Vertebral fracture: epidemiology, impact and use of DXA vertebral fracture assessment in fracture liaison services.
Lems WF., Paccou J., Zhang J., Fuggle NR., Chandran M., Harvey NC., Cooper C., Javaid K., Ferrari S., Akesson KE., International Osteoporosis Foundation Fracture Working Group None.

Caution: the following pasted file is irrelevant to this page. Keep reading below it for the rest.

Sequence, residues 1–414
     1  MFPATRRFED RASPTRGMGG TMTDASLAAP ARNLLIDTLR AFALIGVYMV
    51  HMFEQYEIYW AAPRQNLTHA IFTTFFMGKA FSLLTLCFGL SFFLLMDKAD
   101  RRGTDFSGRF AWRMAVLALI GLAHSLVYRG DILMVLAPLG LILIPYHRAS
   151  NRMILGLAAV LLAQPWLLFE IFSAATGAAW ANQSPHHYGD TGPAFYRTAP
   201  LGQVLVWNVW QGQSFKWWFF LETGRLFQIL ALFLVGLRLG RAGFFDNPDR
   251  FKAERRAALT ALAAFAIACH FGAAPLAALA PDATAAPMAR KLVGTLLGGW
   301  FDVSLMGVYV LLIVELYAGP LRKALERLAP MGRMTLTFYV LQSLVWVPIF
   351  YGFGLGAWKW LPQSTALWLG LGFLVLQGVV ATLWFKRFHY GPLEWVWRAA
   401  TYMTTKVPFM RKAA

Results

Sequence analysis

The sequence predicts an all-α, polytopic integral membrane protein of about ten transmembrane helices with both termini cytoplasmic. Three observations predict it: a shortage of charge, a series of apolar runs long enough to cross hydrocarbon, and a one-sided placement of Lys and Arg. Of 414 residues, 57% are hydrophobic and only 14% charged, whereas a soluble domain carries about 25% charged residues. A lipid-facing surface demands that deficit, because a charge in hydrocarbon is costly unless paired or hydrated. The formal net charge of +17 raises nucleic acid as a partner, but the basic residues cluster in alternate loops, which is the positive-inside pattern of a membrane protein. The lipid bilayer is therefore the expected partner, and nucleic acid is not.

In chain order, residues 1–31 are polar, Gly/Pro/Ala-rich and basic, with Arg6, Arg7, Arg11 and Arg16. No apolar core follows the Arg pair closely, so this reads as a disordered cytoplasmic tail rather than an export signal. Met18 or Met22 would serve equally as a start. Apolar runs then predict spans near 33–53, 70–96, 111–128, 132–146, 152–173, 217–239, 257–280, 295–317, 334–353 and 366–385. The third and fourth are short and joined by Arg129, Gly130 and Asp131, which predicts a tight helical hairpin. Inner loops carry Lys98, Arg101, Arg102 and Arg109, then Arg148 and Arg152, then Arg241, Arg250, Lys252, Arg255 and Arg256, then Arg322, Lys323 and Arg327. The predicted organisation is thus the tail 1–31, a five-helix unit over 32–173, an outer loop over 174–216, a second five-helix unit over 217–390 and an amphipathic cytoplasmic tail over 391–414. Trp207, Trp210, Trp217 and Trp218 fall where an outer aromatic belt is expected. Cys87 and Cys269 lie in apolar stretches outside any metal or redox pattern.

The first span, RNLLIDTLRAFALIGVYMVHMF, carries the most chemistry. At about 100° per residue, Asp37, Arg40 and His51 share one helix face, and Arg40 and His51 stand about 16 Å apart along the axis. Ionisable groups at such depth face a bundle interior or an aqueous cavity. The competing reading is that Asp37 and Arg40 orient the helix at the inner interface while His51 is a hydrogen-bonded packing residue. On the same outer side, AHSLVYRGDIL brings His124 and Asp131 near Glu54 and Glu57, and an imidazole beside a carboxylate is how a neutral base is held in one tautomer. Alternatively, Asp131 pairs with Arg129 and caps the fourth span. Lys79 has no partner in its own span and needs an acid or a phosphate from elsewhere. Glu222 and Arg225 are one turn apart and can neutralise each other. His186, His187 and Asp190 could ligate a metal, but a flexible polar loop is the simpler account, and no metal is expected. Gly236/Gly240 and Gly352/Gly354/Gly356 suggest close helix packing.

Vertebral fractures are independent risk factors for vertebral and nonvertebral fractures. Since vertebral fractures are often missed, the relatively new introduction of vertebral fracture assessment (VFA) for imaging of the lateral spine during DXA-measurement of the spine and hips may contribute to detect vertebral fractures. We advocate performing a VFA in all patients with a recent fracture visiting a fracture liaison service (FLS). Fracture liaison services (FLS) are important service models for delivering secondary fracture prevention for older adults presenting with a fragility fracture. While commonly age, clinical risk factors (including fracture site and number of prior fracture) and BMD play a crucial role in determining fracture risk and indications for treatment with antiosteoporosis medications, prevalent vertebral fractures usually remain undetected. However, vertebral fractures are important independent risk factors for future vertebral and nonvertebral fractures. A development of the DXA technology, vertebral fracture assessment (VFA), allows for assessment of the lateral spine during the regular DXA bone mineral density measurement of the lumbar spine and hips. Recent approaches to the stratification of antiosteoporosis medication type according to baseline fracture risk, and differences by age in the indication for treatment by prior fracture mean that additional information from VFA may influence initiation and type of treatment. Furthermore, knowledge of baseline vertebral fractures allows reliable definition of incident vertebral fracture events during treatment, which may modify the approach to therapy. In this manuscript, we will discuss the epidemiology and clinical significance of vertebral fractures, the different methods of detecting vertebral fractures, and the rationale for, and implications of, use of VFA routinely in FLS. • Vertebral fracture assessment is a tool available on modern DXA instruments and has proven ability to detect vertebral fractures, the majority of which occur without a fall and without the signs and symptoms of an acute fracture. • Most osteoporosis guidelines internationally suggest that treatment with antiosteoporosis medications should be considered for older individuals (e.g., 65 years +) with a recent low trauma fracture without the need for DXA. • Younger individuals postfracture may be risk-assessed on the basis of FRAX® probability including DXA and associated treatment thresholds. • Future fracture risk is markedly influenced by both site, number, severity, and recency of prior fracture; awareness of baseline vertebral fractures facilitates definition of true incident vertebral fracture events occurring during antiosteoporosis treatment. • Detection of previously clinically silent vertebral fractures, defining site of prior fracture, might alter treatment decisions in younger or older FLS patients, consistent with recent IOF-ESCEO guidance on baseline-risk-stratified therapy, and provides a reliable baseline from which to define new, potentially therapy-altering, vertebral fracture events.